I seem to be going to a lot of really deep, low-level talks this year. I think it's good to get a refresher and see what has happened in these spaces since I learned the first theoretical bits over 10 years ago. Unfortunately, most of the material in this talk didn't exist 10 years ago, so it was fairly new. There are obviously two types of radio we deal with on a regular basis: Wi-Fi and 2g/3g/4g.
Leaving out a lot of the detail, Wi-Fi is Ethernet over the air. This means that the collision detection and avoidance systems are exactly like Ethernet. Of course, it's been a while since we used Ethernet hubs, so the collision issues are really about whether you are trying to send while receiving, so they don't happen very often. In Wi-Fi, you may be colliding with someone using the same frequency on a different network, so it's much worse than Ethernet ever was. Because of this, the protocol is not necessarily adapted to the task of wireless communication.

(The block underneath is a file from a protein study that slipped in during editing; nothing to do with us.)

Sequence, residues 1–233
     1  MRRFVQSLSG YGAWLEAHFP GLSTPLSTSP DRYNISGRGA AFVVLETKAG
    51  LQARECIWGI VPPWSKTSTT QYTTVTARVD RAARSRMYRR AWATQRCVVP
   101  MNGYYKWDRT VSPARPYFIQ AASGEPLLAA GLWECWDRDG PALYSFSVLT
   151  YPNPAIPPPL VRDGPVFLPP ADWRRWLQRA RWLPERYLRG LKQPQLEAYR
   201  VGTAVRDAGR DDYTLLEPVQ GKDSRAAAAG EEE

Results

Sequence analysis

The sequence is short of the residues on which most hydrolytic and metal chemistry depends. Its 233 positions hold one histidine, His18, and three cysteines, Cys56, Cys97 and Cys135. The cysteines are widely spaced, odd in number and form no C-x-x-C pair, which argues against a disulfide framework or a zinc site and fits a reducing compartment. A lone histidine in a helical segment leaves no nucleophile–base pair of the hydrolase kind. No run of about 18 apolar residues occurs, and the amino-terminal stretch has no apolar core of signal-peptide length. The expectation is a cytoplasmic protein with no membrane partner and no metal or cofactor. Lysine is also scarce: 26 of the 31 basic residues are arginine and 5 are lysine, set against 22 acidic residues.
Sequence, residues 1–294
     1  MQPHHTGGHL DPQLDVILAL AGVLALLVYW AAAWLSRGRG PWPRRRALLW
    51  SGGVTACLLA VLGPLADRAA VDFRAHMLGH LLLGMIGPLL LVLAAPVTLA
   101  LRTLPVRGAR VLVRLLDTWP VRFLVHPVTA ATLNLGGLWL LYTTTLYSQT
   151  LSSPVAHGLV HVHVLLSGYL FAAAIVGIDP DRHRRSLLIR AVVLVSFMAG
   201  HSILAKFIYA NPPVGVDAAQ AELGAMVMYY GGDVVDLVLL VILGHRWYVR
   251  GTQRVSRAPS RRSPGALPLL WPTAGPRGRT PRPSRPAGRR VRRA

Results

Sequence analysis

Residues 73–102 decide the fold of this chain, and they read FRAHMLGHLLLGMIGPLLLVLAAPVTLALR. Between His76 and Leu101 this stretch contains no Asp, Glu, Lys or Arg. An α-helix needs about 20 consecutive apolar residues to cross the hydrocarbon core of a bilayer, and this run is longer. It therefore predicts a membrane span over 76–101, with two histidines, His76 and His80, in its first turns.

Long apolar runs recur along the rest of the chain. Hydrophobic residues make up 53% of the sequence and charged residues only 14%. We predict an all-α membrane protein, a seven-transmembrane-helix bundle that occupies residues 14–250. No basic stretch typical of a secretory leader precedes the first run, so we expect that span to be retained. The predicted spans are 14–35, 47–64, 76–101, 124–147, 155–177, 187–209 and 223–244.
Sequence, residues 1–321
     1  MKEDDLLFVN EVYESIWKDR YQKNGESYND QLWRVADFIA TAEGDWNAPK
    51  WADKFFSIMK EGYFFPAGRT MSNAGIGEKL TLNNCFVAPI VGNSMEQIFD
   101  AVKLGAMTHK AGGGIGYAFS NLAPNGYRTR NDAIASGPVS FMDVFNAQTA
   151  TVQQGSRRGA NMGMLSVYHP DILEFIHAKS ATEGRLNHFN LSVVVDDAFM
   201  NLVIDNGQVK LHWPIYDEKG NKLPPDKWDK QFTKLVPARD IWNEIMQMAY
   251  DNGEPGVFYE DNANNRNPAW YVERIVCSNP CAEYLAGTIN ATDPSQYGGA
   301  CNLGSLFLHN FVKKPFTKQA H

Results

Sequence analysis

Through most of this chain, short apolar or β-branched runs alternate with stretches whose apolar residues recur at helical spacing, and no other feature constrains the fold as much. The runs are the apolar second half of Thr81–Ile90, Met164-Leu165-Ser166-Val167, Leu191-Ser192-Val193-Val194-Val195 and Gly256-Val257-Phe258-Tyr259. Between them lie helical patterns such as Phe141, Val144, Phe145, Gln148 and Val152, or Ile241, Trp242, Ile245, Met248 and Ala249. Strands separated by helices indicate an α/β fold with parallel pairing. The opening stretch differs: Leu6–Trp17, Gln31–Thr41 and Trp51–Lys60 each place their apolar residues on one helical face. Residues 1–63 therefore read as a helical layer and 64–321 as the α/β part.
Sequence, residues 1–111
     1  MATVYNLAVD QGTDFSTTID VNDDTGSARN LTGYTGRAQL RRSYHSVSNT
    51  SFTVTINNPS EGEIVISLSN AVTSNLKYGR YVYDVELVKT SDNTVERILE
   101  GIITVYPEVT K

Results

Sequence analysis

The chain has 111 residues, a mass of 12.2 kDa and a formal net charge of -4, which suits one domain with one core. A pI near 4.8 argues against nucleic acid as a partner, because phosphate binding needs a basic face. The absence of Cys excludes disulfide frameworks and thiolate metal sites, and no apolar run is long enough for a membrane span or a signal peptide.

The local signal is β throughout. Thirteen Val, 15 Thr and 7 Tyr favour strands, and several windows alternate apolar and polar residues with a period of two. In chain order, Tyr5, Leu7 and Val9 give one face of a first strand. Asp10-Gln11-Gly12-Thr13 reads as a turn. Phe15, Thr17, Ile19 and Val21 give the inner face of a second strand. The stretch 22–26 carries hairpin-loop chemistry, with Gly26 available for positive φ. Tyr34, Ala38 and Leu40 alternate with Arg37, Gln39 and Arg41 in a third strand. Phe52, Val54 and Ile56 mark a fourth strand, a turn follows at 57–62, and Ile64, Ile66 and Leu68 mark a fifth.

The cellular protocols, on the other hand, are designed for stability and scalability. They are also designed to optimize battery life. As a result, there is a radio resource controller (RRC) that will handle assigning time slots, powers, and modulations to any data-sending tasks. Once this has completed, the controller may choose to power down the radio. Unfortunately, this power-saving mechanism also means that the first packet is often very slow, sometimes many seconds are needed just to re-create the network connection.
The key to this issue is to ensure that your mobile applications and sites respond instantly, if only to let the user know that something is happening. After that, you may be at the mercy of the network.